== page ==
The NHS is spending too much on drugs because the Government is allowing the pharmaceuticals industry to hide behind regulatory processes and undermine NICE appraisal processes, health economists have claimed.
The experts – from the renowned University of York health sciences team – argue UK drug prices are higher than in many other countries because of ‘successive governments’ desire to support the pharmaceutical science base and exports’.
Writing in the Royal Society of Medicine’s flagship journal, Professor Alan Maynard and Professor Karen Bloor say drugs companies are effectively being subsidised and forcing NICE to approve drugs at too high a price.
They said this is potentially stifling research into other, more innovative and beneficial products for the health service.
The authors call for greater transparency on negotiations on drugs pricing and other regulatory processes including patent protection.
In the editorial Professors Maynard and Bloor say NICE has been forced to keep the cost-effectiveness threshold for approving drugs on the NHS artificially high, at £30,000 per quality-adjusted life-year (QALY), despite Department of Health-commissioned research suggesting it should be set much lower.
They say: ‘There is now further pressure to ease the NICE cut-off and make it easier for products to obtain NHS reimbursement. This has been encouraged not only by industry but also my media, patient charities and politicians, although these groups may often be influenced, directly or indirectly, by industry funding.’
The experts say industry is using licensing and patenting issues to prevent the NHS getting the most cost-effective medicines – highlighting the controversy over CCGs being prevented from promoting use of the unlicensed bevacizumab (Avastin) for wet AMD instead of the approved drug ranizumab (Lucentis), despite clinical evidence the former is just as effective.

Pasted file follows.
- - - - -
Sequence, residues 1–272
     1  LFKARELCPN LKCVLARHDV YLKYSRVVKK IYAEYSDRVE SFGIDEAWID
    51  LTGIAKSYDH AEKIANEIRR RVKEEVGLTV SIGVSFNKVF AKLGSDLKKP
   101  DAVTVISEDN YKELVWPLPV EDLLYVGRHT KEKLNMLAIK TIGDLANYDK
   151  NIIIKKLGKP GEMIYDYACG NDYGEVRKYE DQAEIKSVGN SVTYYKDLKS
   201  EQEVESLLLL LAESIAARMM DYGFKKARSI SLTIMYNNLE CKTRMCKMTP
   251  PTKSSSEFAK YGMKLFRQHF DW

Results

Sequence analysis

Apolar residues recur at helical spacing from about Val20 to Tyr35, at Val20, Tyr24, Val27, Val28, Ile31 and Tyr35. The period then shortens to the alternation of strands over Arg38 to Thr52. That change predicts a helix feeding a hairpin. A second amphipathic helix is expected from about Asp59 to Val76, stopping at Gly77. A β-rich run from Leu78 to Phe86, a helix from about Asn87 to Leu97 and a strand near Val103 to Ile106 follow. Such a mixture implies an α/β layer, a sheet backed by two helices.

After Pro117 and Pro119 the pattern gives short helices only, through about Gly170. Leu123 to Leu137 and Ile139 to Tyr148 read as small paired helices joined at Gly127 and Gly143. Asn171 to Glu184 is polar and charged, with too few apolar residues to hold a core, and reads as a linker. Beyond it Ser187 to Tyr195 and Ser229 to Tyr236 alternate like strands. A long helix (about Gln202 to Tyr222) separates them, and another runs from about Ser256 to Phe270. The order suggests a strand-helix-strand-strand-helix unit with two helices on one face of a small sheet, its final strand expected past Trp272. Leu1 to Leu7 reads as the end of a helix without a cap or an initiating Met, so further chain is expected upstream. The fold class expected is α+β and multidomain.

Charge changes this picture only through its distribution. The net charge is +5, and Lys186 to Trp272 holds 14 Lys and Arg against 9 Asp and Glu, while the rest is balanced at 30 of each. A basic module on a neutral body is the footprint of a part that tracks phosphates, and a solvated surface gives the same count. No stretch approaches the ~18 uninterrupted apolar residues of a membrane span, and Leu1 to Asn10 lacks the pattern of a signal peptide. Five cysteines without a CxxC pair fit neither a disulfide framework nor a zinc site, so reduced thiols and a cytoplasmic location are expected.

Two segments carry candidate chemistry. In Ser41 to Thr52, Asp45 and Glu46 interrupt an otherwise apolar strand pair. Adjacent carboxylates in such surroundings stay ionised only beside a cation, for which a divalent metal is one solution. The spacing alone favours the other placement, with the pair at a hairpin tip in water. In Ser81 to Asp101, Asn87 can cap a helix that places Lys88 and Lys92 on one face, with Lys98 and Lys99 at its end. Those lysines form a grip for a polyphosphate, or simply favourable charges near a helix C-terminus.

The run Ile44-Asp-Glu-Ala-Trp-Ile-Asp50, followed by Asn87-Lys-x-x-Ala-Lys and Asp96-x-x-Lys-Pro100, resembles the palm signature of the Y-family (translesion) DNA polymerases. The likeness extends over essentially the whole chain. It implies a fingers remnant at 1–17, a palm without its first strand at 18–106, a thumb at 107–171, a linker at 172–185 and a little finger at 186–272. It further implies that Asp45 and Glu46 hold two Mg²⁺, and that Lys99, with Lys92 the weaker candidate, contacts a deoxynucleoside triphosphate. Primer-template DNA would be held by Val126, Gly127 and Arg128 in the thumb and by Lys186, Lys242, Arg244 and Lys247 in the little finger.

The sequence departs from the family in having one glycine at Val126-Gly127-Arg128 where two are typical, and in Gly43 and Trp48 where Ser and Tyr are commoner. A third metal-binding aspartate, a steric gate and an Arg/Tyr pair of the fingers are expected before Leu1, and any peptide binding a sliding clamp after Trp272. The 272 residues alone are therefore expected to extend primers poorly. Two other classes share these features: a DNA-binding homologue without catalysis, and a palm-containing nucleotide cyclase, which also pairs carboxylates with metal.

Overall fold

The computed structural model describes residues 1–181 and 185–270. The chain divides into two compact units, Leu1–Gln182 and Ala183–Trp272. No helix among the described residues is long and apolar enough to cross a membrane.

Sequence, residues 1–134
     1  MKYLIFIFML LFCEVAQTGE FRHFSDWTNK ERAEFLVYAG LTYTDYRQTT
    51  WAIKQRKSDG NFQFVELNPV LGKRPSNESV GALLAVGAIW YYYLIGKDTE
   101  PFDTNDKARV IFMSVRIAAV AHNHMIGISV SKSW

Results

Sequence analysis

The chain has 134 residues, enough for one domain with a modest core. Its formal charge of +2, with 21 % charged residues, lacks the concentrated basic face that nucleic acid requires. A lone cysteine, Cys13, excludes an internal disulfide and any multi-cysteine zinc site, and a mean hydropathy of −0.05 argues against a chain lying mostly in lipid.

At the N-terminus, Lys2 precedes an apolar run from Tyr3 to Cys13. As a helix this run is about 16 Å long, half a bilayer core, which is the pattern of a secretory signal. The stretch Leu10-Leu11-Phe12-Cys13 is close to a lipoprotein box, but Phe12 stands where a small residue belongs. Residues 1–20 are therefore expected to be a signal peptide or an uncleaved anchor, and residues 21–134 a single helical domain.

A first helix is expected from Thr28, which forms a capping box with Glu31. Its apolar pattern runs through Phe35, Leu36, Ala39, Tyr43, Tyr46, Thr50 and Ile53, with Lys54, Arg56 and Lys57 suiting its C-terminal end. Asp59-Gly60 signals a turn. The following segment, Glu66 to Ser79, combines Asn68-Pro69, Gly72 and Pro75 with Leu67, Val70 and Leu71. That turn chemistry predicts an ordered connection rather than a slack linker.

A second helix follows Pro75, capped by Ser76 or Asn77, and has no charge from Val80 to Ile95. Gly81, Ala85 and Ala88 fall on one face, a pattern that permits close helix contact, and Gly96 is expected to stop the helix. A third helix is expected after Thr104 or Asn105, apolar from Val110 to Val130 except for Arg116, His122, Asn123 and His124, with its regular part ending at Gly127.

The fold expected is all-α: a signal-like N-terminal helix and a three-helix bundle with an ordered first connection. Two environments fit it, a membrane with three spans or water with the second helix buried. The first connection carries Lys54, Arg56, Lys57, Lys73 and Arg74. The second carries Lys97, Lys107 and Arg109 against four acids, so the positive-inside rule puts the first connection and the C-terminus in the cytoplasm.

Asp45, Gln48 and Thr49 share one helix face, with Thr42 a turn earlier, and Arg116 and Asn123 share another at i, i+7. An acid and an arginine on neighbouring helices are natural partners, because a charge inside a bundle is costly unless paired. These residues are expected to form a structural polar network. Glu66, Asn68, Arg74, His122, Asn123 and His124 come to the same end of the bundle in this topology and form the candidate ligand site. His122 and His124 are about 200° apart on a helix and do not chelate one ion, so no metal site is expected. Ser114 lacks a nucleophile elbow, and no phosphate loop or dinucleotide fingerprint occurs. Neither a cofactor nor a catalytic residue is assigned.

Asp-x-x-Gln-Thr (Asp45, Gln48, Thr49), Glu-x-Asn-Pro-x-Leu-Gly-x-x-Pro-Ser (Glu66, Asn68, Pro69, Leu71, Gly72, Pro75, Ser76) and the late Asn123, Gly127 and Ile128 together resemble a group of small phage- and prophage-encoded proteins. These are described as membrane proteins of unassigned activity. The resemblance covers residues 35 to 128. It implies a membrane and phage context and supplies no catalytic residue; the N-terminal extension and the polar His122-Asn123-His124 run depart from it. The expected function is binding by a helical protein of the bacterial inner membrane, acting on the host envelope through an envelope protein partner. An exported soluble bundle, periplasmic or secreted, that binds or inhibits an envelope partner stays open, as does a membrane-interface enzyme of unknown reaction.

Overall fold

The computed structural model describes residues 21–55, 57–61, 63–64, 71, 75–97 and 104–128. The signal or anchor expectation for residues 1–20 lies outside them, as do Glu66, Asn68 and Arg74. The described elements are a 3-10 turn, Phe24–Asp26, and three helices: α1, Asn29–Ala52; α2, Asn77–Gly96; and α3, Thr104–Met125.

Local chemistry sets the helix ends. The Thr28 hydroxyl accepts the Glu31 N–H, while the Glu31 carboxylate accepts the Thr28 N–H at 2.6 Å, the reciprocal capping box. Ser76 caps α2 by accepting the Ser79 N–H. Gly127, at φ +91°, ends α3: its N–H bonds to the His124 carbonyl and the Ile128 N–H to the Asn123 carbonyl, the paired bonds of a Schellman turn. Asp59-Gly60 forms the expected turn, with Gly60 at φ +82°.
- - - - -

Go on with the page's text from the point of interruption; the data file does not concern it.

They write that ‘switching patients in England to bevacizumab could in principle save the NHS over £100 million each year’ but that the drug licence holders ‘challenge legally commissioners who seek greater efficiency in the use of their constrained budgets in this way’, while the Government ‘is powerless, or quietly condones excessive pricing’.
Speaking to Pulse, Professor Maynard said the PPRS and patenting processes offer the industry an ‘enormous hidden subsidy’ without offering clear returns.
Professor Maynard said: ‘If you’re going to subsidise them, whether directly or indirectly, there needs to be some accountability…what are we getting in exchange for that protection, and that subsidy to the industry?’
He added that he believed the Government should be more robust in handling the ongoing dispute over a ‘second medical use’ patent on pregabalin for neuropathic pain – and that he sympathised with GPs concerned this affected their prescribing principles.
Dr Andrew Green, chair of the GPC’s clinical and prescribing subcommittee, said: ‘Although the problems raised in this article are not new they are well articulated and deserve attention. GPs every day see the problems patients have caused by scarcity of resources in the NHS, and there is a concern that these are worsened by the actions of very sophisticated companies whose public-service publicity does little to hide their overriding desire to maximise profit.
‘This is a shame, because when politics, business, and patients come together the patients are unlikely to come out as winners.’
Alison Clough, executive commercial director of the Association of the British Pharmaceutical Industry, said that the Pharmaceutical Price Regulation Scheme – a five-year voluntary scheme – has helped keep NHS expenditure on branded medicines flat for two years and within agreed controlled growth levels for a further three years.
She added: ‘What is needed is urgent transformation of NICE which will ensure that the right patients get the right medicines at the right time whatever their condition.’